The best seat in the house? That was Harris’ one bit that fell flat. Sorry, Barbie.

Also, Jon Cryer’s bumblebee vest. What was that about? Was he trying to look like a Hufflepuff? (M: Funny you should mention that. I was out of the room while my wife was watching the red carpet, but the one thing she called me in and rewound it for was so I could see his vest. Then we shut it off and watched Harry Potter…. I wonder if it was the power of suggestion in the Jon Cryer Helga Hufflepuff Vest!)

Random Observations:

Orange seemed to be the color of the night – and not just namby pamby peaches, but serious, ballsy, tomato oranges – and sparkles of all sorts dominated. I loved January Jones’ art deco gown – very architectural looking.

Drama guest actress winner Ellen Burstyn came dressed as the mother of the bride. Blake Lively’s cleavage came without her. Why did Lorne Michaels’ hair look like it had yellow streaks in it? (M: Were they eeeevil yellow streaks?)

Here’s a list of the winners, in case you’re wondering who won Best Costumes in a Movie, or Casting in a Comedy Series, or Best Main Title Design:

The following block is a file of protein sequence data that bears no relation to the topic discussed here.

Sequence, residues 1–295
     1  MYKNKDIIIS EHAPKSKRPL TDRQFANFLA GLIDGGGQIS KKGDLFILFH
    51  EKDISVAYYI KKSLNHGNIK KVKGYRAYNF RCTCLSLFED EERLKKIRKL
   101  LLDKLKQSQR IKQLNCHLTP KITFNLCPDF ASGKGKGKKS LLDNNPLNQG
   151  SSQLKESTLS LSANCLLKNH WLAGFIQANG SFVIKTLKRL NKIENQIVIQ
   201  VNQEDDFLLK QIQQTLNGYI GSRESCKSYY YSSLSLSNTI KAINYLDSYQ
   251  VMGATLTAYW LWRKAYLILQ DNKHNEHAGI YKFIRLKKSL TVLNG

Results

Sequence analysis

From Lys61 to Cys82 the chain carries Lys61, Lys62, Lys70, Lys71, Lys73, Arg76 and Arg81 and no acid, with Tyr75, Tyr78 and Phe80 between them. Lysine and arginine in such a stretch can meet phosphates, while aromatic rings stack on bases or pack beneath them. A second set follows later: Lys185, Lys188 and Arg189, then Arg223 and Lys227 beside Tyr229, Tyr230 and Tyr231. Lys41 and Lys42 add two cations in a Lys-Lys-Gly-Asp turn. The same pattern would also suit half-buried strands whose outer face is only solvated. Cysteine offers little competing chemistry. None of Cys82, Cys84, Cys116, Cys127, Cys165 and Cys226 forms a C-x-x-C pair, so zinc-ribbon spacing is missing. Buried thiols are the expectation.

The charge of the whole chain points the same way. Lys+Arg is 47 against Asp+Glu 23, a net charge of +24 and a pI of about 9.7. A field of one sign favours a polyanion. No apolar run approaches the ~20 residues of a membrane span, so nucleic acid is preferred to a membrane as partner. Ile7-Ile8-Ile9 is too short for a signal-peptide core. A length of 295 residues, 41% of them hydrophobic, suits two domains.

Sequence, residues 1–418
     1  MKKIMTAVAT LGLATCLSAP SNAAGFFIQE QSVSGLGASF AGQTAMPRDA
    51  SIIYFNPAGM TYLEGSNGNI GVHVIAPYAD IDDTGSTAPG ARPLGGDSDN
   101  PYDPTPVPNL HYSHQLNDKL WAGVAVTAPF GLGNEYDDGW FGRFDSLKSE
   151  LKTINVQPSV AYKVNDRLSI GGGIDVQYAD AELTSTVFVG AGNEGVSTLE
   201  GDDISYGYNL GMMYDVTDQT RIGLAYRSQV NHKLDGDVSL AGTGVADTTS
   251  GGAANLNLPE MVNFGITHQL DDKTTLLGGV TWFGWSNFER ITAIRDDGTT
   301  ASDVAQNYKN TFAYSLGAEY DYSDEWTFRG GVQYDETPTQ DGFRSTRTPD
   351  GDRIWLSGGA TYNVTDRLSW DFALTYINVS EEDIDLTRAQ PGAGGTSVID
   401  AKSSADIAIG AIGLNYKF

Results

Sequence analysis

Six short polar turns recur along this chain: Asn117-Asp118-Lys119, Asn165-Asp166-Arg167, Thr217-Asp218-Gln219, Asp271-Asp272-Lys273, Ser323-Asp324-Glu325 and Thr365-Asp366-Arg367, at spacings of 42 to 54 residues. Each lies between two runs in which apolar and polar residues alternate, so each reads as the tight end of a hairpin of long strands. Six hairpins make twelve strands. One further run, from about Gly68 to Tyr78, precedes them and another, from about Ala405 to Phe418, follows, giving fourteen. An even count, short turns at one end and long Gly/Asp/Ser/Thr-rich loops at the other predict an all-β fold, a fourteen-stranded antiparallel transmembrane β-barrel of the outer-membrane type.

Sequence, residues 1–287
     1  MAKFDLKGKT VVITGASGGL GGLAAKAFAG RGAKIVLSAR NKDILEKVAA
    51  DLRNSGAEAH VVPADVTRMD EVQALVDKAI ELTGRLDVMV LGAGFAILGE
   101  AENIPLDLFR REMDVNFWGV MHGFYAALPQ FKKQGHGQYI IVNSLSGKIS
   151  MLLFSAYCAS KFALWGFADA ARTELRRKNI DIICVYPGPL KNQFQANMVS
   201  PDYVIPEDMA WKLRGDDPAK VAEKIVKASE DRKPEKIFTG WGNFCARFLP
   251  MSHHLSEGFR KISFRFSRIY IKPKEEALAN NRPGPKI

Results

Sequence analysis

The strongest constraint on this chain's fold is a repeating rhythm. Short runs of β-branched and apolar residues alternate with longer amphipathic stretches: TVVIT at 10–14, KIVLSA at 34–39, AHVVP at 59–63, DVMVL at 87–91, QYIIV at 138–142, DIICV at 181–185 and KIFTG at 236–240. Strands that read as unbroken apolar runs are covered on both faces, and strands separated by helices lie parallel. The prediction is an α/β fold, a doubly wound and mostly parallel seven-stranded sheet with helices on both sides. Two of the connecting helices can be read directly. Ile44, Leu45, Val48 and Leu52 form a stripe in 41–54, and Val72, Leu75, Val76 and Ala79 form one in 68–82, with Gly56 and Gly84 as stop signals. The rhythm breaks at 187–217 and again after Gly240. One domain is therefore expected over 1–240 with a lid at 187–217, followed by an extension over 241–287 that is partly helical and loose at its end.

You’ll notice that So You Think You Can Dance picked up a so called creative arts Emmy (for Tyce DiOrio’s “Adam and Eve/Silence” piece – not as thrilling as if Tabitha and Napoleon had won for “Bleeding Love”, but still, nice.) as did Battlestar Galactica and Legend of the Seeker.

And that’s it, folks! Lots of little things to love, even if I wasn’t emotionally invested in any of the big winners. I know some of our readers are big Mad Men and 30 Rock fans, so I hope you guys are pleased this morning! And I suppose (grump grump) that rewarding quality is more important that having a shocking awards show; I know these shows are high quality, so from that standpoint, it was a great night for TV. What did you guys think?